The speaking fee headed to former Alaska Gov. Sarah Palin for a scheduled June speech at a California State University was kept secret in order to spare the university from more negative coverage, according to internal emails released by a state lawmaker Tuesday.
The decision not to share the fee, despite requests for details from state officials and members of the media, came following a lengthy exchange between CSU Chancellor Charles B. Reed and Bernie Swain, chairman of the Washington Speakers Bureau, which handles Palin's paid speaking engagements.
"The release of the fee, while well-intentioned to share all details, will likely only serve as the financial headline for a new round of stories rather than the intended purpose of clearing the air and making the stories go away," Swain advises Reed. "Your event needs fewer story lines, less oxygen for the fuel, not more."
Reed responded: "Bernie, I agree with you that the damage is done and the disclosure will just cause another round of newspaper stories. The campus should have worked this through with you all in the beginning."
After the chancellor shared the exchange with other university officials, Kristen Olsen, who heads the Stanislaus campus public relations office, responded: "Good news. The Chancellor is satisfied now with not disclosing the fee."
University officials told ABC News that the emails are somewhat misleading because the conversation began with personal appeal the chancellor made to Palin's representative to be able to disclose the speaking fee.
"He asked whether they would consider waiving the fee," said Claudia Keith, a CSU spokeswoman. "Frankly, the chancellor would have preferred to send out the contract himself. But they said no."
Swain has not responded to a message and email seeking comment.
Questions about how much Palin is getting to speak at a function sponsored by the quasi-public fundraising arm of the state school have been roiling for several weeks.
Last month, California Attorney General Edmund G. Brown Jr. said his office was looking into accusations that officials at a state university violated public records laws when they refused to reveal the financial details of the contract with Palin to speak at the June fundraiser, and allegedly shredded documents related to the agreement.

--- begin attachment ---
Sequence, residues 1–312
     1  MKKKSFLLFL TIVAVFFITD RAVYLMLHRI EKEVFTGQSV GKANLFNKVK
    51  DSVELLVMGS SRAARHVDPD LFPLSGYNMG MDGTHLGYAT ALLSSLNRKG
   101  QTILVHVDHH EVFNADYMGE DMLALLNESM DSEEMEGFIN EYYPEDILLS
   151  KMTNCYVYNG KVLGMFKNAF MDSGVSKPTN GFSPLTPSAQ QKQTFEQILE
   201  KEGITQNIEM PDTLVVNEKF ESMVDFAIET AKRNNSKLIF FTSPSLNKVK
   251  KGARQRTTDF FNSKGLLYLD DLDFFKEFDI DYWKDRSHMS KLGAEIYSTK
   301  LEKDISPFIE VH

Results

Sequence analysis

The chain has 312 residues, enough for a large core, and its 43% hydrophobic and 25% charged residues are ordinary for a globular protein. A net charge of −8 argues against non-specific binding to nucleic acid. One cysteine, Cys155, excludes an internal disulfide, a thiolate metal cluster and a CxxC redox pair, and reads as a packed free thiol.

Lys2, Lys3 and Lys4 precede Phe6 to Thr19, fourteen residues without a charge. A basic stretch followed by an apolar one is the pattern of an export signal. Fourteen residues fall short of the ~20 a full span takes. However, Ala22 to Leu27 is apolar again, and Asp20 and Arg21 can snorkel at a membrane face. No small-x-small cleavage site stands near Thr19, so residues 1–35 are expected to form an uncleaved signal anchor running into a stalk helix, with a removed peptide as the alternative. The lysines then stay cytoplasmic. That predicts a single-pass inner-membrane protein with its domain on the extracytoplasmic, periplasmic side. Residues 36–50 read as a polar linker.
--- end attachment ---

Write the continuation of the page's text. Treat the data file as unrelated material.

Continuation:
"This is not about Sarah Palin," Brown said in a prepared statement. "She has every right to speak at a university event, and schools should strive to bring to campus a broad range of speakers. The issues are public disclosure and financial accountability in organizations embedded in state-run universities. We're not saying any allegation is true, but we owe it to the taxpayers to thoroughly check out every serious allegation."
A state senator asked Brown's office to open the investigation after students at Cal State University Stanislaus reported finding documents in a dumpster related to the Palin speaking appearance. They accused university officials of discarding the documents in an effort to hide the details of the contract with Palin, which is reportedly worth $75,000 to the governor, and includes provisions that require luxury accommodations and first-class travel arrangements. The senator, San Francisco Democrat Leland Yee, had asked the university to justify the expense at a time when the state is struggling financially.
"There is absolutely no doubt that public funds – through the use of university resources and employees – have been used for this event and yet the taxpayers are being kept in the dark," Yee said in a statement Tuesday, after his office made public the email traffic between Reed and Swain.
"Chancellor Reed is well aware of the law that requires foundation documents in the possession of university employees to be disclosed," Yee said. "The administration has failed the taxpayers and the students. It is now imperative that the Board of Trustees hold these executives accountable."
University officials said at the time they had not been informed of the attorney general's investigation, but said they believe it will show they acted properly and they will cooperate fully.
The university's president, Hamid Shirvani, defended the decision to invite Palin to speak, and told ABC News that university officials did not attempt to destroy any documents.
"We have absolutely never, nobody has been asked to shred any document regarding Gov. Palin," Shirvani said. "The smoking gun is really not a smoking gun."